After two years of spending evenings and weekends relentlessly scrutinising over whether the paragraph in front of me was a 4a or a 4b and carefully tinkering with the colour scheme of tomorrow’s interactive whiteboard presentations – treading the awkward tightrope between “depressingly bland” and “distractingly vivid” – it was a confusing sensation walking away from teaching and getting all my free time back. For me, leaving teaching came with a realisation that skills that I had put so much effort into developing during my time in the classroom might be thrown on the scrapheap, never to be used again.
The most obvious solution to this was tutoring. Sitting next to a pupil for an hour and providing intensive English support would keep all these skills alive (save colourful powerpoints). There would also be a refreshing lack of unnecessary noise, mass seating-plan coups, and all the other classroom incidents that used to fuel my nightmares. I knew a few others involved in tutoring so it seemed like the perfect solution.
However, another thing that stayed with me from teaching was the drive to “close the educational gap” between pupils receiving free school meals (FSM) and their peers. Over half the pupils in my placement school were FSM pupils and all staff underwent a great deal of training to identify and support these pupils in the classroom. This persistent focus on pupil premium really cemented my realisation of the advantages non-FSM pupils wielded in schools. Considering tutoring in light of this, it didn’t seem fair that these valuable interventions could only be accessed by those whose parents could afford it.
Enter Action Tutoring: A charity which helps pupil premium students in their learning through connecting them with volunteer tutors. Operating across the country, tutors commit to short term, after-school or weekend programmes where they are paired up with children to support. As there are a lot of partner schools, selecting a programme to suit both my location and the time I could be available was straightforward.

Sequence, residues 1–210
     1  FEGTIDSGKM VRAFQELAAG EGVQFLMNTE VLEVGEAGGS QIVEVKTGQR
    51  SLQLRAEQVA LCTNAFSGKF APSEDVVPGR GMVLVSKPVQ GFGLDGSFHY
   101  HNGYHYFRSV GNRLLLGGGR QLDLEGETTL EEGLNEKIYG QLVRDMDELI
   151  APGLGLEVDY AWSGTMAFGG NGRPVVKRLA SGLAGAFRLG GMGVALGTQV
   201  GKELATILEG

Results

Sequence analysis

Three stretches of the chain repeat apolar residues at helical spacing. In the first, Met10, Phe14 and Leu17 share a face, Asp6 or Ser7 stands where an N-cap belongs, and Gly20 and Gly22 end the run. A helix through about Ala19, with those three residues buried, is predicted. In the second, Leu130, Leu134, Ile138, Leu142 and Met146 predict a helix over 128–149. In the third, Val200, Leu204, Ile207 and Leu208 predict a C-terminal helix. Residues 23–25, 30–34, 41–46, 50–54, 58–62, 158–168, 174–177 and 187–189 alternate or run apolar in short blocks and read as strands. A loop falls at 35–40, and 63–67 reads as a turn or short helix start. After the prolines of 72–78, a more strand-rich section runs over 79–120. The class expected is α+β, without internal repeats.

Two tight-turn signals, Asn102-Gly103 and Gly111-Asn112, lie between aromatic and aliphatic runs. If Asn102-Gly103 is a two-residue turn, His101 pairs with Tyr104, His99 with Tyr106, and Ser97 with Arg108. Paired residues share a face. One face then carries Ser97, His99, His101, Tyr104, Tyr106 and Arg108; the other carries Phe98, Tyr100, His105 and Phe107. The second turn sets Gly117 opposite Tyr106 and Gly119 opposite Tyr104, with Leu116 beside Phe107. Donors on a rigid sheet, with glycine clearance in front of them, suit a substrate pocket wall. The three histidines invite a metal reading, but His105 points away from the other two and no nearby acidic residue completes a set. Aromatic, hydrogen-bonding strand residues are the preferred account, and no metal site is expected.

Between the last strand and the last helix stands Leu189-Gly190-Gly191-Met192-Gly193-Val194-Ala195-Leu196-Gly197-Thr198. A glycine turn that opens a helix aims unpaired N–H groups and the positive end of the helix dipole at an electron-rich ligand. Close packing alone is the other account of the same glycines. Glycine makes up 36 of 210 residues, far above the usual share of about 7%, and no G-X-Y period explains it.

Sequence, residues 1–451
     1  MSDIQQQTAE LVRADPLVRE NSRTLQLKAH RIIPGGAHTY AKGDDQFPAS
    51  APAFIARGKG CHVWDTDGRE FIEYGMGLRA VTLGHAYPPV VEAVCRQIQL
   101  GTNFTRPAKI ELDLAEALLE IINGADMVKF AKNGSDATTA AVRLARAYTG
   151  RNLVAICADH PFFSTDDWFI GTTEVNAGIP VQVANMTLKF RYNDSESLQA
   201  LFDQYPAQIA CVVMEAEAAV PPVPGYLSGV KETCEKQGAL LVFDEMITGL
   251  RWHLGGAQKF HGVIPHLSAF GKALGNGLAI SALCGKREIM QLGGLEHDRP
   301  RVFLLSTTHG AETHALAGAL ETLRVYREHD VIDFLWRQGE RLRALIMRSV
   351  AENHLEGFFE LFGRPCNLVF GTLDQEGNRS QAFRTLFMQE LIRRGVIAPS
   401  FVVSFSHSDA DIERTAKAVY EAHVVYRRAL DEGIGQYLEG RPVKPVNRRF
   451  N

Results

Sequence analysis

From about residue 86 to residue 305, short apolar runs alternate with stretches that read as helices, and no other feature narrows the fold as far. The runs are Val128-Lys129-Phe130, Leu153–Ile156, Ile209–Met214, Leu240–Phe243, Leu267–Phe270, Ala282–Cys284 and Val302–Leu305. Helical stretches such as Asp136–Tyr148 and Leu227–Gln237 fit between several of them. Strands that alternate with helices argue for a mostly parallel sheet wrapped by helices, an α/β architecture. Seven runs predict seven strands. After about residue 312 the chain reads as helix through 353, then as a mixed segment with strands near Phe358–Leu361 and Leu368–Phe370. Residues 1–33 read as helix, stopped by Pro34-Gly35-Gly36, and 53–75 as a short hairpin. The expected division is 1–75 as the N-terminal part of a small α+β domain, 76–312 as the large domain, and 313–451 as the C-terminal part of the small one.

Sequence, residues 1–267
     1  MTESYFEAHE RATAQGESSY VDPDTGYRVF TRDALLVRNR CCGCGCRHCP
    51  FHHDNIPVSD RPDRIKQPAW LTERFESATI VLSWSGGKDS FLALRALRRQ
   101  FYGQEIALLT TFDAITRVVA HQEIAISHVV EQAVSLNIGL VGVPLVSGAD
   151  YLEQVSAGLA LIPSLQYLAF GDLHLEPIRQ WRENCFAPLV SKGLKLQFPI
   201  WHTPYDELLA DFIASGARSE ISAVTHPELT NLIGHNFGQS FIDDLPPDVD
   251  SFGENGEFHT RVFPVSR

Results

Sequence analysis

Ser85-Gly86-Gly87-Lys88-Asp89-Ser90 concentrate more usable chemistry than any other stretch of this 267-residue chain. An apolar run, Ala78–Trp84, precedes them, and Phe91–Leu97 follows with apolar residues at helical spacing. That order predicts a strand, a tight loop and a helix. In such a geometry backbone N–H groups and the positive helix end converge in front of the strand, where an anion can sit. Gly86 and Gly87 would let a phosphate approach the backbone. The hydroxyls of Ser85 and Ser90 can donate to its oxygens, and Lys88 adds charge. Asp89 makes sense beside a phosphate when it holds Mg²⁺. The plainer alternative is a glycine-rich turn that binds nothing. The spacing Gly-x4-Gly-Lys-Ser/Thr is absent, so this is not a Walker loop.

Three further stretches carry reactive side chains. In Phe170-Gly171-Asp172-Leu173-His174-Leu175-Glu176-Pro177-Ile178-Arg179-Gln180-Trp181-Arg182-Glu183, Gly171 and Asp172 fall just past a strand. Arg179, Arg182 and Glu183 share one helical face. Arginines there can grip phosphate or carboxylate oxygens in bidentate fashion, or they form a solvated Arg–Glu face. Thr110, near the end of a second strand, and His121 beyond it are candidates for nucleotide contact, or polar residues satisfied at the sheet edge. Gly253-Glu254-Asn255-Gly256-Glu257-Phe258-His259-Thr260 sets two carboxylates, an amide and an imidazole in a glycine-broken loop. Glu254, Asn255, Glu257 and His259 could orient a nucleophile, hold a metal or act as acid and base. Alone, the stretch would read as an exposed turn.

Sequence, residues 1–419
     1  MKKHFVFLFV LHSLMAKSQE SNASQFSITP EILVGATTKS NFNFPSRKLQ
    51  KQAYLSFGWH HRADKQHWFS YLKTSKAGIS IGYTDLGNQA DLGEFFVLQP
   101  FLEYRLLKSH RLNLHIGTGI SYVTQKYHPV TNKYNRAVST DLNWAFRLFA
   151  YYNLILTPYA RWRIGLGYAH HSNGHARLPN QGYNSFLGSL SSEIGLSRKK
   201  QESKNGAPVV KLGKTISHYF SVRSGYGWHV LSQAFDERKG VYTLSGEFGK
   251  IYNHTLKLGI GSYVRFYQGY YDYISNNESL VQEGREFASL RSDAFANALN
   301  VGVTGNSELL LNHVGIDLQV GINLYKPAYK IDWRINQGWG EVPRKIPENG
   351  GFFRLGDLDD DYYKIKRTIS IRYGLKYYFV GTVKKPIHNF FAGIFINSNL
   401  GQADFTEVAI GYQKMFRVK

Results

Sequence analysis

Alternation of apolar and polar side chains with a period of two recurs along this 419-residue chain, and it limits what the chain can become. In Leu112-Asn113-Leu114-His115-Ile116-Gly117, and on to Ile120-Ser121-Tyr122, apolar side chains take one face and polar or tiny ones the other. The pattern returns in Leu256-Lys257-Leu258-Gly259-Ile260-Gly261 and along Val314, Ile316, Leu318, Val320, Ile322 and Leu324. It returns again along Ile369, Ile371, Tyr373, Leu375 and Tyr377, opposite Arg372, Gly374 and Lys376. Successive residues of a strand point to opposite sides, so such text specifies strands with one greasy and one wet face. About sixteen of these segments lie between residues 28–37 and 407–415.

My experience so far has been great, I am currently involved in my second 7-week programme at Chessington Community College, supporting Year 11 pupils on the C/D borderline as they prepare for their GCSEs. Armed with some engaging activities and a bag of Haribo (the constant barrage of evening Leading Self sessions during Teach First taught me to never underestimate the restorative power of Starmix after a full day of lessons) I set to work supporting individuals or small groups. The intensive intervention makes a rapid, visible difference. Support with exam skills and coursework guidance makes a huge step forward in making sure the children have the best possible preparation for their GCSEs and boosting their future opportunities.
Both the school and the charity are incredibly supportive. As many of the volunteers don’t come from a teaching background, materials and guidance are provided which helps to make the sessions easy to prepare and deliver. Because of the pupils targeted, absence is an issue but the staff at the school also work hard to communicate with parents and keep the tutors updated.
Considering how much the charity sounds like a product of Teach First (Brett clearly missed a trick) I’m surprised there aren’t more ambassadors volunteering. With the amount of participants that choose to move on after two years, this is a great way to keep your teaching skills and knowledge alive. Also, as a lot of students volunteer, it’s a great chance to promote Teach First. For anyone thinking of moving on from teaching at the end of your two years, I would highly recommend looking into whether Action Tutoring operates in your city.
– Matt Biggs, Teach First Ambassador and Action Tutoring Volunteer